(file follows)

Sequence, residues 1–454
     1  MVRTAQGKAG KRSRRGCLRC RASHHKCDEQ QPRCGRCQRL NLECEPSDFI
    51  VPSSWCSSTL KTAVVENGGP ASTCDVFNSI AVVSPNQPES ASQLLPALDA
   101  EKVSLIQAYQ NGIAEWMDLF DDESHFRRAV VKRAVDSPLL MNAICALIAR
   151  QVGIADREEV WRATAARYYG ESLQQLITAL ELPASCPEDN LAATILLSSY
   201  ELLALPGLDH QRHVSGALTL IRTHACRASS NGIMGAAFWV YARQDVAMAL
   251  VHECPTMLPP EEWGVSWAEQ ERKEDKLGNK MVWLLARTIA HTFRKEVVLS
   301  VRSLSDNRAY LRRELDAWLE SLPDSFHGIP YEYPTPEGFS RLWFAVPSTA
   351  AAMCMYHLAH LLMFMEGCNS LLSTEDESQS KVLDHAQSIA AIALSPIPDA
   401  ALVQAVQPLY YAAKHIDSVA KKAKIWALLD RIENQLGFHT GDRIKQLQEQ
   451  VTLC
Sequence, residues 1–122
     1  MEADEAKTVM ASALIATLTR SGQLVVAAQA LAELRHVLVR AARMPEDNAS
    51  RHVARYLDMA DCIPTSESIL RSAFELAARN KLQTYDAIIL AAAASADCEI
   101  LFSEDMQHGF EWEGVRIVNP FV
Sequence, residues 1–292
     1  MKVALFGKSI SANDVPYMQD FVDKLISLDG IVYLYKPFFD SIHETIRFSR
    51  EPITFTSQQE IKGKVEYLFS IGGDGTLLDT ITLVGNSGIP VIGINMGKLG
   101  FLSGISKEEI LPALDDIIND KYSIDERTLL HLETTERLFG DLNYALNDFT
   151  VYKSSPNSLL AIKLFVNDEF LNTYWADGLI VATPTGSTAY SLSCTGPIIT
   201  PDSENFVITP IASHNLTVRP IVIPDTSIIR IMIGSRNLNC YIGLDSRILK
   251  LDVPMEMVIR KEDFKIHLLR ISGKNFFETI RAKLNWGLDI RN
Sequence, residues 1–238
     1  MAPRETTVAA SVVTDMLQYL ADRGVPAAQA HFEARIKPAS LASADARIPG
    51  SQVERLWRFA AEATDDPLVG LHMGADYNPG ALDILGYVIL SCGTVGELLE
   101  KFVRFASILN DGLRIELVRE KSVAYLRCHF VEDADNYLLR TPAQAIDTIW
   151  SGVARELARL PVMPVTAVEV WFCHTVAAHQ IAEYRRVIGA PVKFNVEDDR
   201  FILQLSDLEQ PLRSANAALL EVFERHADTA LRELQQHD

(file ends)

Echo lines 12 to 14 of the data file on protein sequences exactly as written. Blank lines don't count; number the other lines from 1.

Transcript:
Sequence, residues 1–122
     1  MEADEAKTVM ASALIATLTR SGQLVVAAQA LAELRHVLVR AARMPEDNAS
    51  RHVARYLDMA DCIPTSESIL RSAFELAARN KLQTYDAIIL AAAASADCEI